Katie: So let’s say that this nonprofit is a cat-finding nonprofit and they have lost the cutest cat of all. They want to make a border of the cat’s face. And she thinks, “That’s actually not a great idea. That doesn’t actually help people find the cat. What it does is make a really bad border.” How would you respond to that?

Mike: That’s not going to help people find the cat. That’s just extra stuff there that’s not helping people find the cat. It’s unnecessary. Get rid of it.

Katie: So she could say something like, “anything that’s not necessary to the ultimate goal.”

Mike: Right. Get rid of everything you can. What you’re left with is right.

Katie: What about classics like, “I like it.” What do you say to that?

Mike: Is it going to help you find the cat?

Katie: So you just repeat that?

Mike: If you like it, take it home–I don’t care. But that’s not the goal of what we’re doing here. The goal here isn’t to do something you like. The goal here is to find the d@mn cat.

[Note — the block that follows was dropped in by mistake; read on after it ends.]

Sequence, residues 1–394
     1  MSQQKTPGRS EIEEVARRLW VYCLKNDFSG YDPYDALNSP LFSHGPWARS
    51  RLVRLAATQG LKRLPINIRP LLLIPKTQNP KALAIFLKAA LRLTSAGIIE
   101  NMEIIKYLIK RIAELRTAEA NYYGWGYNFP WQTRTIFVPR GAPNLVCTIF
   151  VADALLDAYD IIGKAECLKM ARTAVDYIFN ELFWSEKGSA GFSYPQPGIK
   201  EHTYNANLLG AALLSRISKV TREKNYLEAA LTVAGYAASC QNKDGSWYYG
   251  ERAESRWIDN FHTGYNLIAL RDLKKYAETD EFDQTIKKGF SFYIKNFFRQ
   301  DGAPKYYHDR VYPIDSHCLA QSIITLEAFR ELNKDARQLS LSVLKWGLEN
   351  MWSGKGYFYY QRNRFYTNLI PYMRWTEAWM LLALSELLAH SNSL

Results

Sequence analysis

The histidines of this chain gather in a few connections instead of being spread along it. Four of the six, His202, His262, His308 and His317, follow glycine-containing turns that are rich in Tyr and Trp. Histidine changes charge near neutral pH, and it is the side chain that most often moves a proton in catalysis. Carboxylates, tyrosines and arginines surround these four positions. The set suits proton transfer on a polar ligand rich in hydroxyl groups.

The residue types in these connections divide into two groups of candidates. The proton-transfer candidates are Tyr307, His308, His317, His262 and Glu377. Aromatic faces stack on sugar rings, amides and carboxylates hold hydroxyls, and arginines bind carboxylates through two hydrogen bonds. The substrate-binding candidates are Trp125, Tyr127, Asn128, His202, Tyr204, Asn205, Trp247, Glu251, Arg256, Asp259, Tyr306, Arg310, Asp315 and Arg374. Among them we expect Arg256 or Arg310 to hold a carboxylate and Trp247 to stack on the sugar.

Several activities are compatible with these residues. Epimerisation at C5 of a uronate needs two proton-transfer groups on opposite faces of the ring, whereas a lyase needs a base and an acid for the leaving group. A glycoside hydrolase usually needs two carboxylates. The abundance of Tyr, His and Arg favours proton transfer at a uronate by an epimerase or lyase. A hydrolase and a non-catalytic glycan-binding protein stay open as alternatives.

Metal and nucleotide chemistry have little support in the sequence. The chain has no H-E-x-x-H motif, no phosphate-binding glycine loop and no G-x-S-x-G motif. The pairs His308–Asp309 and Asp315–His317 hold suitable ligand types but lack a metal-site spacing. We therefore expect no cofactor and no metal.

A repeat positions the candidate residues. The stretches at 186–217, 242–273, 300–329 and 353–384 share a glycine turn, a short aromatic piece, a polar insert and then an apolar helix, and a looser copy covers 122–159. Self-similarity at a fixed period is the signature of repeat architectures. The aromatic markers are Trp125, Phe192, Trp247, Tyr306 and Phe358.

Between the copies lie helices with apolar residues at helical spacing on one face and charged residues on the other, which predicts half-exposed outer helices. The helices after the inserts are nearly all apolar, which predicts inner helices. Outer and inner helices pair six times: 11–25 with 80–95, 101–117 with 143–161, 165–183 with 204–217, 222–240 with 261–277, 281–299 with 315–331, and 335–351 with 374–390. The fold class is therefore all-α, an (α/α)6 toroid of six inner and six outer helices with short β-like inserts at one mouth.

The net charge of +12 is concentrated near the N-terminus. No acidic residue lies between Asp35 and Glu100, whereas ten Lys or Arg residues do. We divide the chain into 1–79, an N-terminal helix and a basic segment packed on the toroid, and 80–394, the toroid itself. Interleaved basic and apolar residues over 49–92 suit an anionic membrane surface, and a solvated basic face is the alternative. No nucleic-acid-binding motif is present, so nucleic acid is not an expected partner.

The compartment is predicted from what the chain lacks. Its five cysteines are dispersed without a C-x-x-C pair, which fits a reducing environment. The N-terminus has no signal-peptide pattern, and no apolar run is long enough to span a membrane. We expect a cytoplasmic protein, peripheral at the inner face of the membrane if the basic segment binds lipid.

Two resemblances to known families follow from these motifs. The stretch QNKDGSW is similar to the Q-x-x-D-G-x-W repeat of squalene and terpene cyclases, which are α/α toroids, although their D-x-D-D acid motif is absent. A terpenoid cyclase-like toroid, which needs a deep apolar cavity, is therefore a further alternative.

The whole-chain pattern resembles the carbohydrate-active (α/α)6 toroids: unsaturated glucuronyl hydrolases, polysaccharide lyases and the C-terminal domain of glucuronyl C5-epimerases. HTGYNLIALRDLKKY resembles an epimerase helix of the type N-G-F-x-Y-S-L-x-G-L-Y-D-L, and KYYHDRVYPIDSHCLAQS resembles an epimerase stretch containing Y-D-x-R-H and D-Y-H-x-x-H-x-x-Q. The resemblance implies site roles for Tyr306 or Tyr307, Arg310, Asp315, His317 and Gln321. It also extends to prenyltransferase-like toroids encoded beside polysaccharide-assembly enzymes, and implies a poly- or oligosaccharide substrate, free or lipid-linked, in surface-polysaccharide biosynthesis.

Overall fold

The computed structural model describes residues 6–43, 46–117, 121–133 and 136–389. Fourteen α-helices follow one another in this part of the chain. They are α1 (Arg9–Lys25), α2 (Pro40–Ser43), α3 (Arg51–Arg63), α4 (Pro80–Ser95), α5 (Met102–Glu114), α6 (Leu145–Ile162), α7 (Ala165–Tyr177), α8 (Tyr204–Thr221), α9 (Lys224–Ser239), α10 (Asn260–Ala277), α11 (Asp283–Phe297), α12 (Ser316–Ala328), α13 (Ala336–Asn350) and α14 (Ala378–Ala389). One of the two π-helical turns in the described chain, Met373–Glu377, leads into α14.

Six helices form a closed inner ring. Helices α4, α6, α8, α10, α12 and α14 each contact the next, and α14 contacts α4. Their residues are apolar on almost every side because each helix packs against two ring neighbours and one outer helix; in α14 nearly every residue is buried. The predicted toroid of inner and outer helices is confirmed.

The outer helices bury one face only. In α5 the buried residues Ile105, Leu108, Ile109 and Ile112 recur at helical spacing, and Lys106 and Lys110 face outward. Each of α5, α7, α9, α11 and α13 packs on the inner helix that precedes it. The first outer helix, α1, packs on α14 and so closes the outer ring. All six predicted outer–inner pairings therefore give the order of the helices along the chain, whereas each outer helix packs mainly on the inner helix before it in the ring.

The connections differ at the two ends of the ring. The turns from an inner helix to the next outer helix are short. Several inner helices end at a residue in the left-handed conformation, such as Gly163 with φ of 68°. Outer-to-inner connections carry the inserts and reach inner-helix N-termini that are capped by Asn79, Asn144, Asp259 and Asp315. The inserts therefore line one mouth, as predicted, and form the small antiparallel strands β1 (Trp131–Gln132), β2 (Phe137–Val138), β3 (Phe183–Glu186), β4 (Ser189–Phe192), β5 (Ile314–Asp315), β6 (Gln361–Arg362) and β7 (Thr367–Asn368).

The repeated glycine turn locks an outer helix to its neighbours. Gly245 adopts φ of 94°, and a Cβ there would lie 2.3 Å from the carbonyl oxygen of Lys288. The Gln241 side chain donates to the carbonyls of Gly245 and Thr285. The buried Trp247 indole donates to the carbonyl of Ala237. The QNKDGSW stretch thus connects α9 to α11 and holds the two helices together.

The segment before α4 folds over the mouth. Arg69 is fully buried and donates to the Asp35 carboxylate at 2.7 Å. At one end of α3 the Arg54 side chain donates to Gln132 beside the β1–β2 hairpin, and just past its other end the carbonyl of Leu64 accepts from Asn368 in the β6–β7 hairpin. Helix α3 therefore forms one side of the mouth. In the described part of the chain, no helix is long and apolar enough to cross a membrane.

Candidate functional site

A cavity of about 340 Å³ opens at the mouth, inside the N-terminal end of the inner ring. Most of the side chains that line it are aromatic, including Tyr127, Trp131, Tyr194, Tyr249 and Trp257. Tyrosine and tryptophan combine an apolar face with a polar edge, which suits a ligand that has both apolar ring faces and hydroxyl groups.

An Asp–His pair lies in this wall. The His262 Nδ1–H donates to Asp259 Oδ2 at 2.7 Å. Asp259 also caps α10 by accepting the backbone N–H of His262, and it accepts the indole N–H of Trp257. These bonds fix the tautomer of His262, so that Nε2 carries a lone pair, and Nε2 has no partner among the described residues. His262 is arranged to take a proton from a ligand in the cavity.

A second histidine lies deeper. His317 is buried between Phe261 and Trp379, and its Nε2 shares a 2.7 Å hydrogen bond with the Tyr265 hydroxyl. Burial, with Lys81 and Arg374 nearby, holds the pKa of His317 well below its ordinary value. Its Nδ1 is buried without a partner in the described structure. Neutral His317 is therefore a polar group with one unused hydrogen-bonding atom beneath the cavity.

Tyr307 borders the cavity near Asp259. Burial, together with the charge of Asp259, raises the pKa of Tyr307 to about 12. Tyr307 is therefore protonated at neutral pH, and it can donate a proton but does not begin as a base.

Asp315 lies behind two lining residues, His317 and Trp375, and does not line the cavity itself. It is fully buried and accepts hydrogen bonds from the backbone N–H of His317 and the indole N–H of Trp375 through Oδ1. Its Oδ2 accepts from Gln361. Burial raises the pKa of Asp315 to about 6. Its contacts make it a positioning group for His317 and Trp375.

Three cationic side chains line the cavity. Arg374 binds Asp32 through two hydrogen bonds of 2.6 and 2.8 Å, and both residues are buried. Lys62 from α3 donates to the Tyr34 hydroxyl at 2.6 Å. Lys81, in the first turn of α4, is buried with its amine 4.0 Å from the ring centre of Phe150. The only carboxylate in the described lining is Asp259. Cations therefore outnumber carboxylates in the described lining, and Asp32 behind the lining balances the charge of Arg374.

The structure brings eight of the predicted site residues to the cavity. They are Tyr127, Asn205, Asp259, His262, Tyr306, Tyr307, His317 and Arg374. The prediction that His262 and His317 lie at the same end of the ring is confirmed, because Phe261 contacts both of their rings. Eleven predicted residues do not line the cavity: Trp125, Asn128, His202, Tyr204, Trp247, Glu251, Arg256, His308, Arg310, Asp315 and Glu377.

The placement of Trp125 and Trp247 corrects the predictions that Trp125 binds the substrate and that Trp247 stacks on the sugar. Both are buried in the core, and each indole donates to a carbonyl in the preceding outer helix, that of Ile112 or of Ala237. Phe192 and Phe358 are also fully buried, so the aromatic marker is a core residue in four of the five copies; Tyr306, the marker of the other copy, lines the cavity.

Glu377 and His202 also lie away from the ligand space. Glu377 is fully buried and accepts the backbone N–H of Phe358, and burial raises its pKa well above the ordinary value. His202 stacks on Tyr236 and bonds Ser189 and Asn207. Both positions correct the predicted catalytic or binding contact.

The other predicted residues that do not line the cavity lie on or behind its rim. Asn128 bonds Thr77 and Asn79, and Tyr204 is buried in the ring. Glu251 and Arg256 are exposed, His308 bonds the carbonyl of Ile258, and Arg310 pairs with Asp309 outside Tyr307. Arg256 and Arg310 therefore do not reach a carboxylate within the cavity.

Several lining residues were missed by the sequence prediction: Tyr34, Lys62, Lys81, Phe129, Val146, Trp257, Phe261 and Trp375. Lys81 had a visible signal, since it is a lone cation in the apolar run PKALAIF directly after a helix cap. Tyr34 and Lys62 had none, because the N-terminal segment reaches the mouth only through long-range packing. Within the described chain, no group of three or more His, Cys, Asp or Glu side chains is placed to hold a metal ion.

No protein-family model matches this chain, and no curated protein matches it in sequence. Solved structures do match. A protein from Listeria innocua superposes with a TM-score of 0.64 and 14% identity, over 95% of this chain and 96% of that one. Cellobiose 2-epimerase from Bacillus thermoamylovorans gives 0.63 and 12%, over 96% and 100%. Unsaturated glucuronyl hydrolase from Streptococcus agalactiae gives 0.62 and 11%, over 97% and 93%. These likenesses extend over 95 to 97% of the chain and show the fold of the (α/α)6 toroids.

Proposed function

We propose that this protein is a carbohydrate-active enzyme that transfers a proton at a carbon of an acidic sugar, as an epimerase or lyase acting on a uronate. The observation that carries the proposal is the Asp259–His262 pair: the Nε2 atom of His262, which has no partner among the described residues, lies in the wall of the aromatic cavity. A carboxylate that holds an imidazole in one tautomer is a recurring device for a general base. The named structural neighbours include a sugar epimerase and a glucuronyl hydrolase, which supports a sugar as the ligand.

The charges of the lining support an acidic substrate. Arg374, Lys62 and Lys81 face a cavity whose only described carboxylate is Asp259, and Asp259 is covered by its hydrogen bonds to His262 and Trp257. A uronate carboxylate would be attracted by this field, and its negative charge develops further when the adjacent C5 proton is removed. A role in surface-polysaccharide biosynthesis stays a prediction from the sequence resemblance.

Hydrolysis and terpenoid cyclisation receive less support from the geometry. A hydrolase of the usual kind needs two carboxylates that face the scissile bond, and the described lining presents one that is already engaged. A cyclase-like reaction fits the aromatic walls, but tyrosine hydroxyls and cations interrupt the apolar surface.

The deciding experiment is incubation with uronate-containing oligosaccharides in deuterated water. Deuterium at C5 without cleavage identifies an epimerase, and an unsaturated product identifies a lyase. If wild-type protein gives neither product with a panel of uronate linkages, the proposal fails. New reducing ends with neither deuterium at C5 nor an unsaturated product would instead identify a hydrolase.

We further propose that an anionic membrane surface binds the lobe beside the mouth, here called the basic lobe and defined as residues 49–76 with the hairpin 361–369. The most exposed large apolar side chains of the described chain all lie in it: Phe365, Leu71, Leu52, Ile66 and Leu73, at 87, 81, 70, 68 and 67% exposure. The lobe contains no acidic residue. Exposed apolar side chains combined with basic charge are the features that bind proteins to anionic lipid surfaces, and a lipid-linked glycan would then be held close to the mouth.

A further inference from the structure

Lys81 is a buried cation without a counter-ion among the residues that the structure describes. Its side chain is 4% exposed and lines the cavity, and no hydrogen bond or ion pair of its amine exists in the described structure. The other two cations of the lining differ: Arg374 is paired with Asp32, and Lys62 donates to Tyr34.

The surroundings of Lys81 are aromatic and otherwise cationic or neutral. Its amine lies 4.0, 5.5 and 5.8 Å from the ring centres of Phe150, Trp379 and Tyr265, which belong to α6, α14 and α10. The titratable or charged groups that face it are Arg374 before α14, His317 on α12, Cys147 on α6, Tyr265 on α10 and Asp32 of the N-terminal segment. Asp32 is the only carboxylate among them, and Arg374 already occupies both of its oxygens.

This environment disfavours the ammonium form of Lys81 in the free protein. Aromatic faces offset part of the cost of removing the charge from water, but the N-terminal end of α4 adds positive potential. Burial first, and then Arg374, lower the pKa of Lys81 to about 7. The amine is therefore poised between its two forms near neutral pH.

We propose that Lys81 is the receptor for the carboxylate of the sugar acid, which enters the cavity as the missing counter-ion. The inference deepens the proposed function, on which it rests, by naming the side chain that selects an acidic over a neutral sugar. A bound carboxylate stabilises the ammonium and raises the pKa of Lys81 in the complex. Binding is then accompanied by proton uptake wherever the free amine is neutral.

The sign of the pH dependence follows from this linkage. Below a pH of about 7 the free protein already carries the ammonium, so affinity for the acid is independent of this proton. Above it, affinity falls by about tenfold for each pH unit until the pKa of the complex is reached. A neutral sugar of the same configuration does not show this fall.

Comments

  1. Natalie says:

    I agree with your main point about communication, but I disagree with the headline. I think designers do talk (a lot!) about design and such discussions are important… to a certain degree.

    I am currently working as an intranet administrator, making changes to the architecture of the company intranet so people will be able to find things more easily. I’m no web designer, but I have been researching a lot about web design and how it enhances communication (especially articles about UX Design.)